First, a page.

There is a cousin, who is a crusty old lawyer. Would he have anything to gain by Nick’s death? What about the elderly tight-lipped housekeeper? There is Nick’s closest friend: an abused wife, and her companion who is an art dealer. What about either of these? Or perhaps the engaging young ex-army officer, who views himself as Nick’s protector, and is clearly in love with her. Perhaps they are the “bright young things” of this era, always searching for a quick thrill, and a way to more excitement by whichever uppers are available. There are strangers—in this case Australians—living in the Lodge of “End House”, on the edge of the cliff, who may not be all they seem. There is another distant cousin, a mousy good-natured girl, who, invited by Nick, arrives on the scene later than the others. And there is a famous daring young adventurer, who never actually appears in the novel. He is clearly someone’s sweetheart, but whose? And who will really mourn his death?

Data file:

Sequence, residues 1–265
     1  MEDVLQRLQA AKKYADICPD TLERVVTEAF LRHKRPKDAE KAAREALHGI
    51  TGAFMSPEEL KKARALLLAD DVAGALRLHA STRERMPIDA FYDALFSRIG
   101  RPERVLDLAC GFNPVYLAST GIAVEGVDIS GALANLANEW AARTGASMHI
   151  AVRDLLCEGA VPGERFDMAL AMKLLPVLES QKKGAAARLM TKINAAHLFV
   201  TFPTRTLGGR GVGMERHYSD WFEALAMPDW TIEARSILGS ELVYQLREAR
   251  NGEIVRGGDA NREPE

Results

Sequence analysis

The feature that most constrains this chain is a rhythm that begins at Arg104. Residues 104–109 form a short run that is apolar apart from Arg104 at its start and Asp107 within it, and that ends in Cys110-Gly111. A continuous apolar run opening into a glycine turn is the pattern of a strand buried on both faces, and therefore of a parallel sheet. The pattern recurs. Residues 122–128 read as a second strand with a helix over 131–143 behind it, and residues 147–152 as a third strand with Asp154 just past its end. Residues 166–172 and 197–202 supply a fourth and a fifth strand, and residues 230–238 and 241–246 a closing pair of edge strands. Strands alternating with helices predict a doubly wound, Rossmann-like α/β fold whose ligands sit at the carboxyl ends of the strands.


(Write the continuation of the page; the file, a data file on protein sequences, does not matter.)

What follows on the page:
We have a secondary murder, to add spice, and intrigue, even though the first is still merely a perceived threat. We have instances of forgery, tricksters, shady business practises, and drug-dealing, all within this close group of Nick’s inner circle. We have pretence loaded upon pretence. And the setting, at “End House”, is suitably gothic. Here is the servant’s doom-laden description:

“‘In an old house,’ he said, ‘there is sometimes an atmosphere of evil.’

‘That’s it, sir,’ said Ellen, eagerly. ‘Evil. Bad thoughts and bad deeds too. It’s like dry rot in a house, sir, you can’t get it out. It’s a sort of feeling in the air. I always knew something bad would happen in this house, someday.’”

It is designed to make any reader shudder, and has just enough of the melodramatic about it, to make the narrative feel delightfully camp.

“End House” is a ramshackle building in a bad state of repair, and it is clear that Nick Buckley, who inherited it from her uncle, is not a rich young woman. This makes her position as an intended victim even more puzzling. Who could want to kill her, and for what possible reason?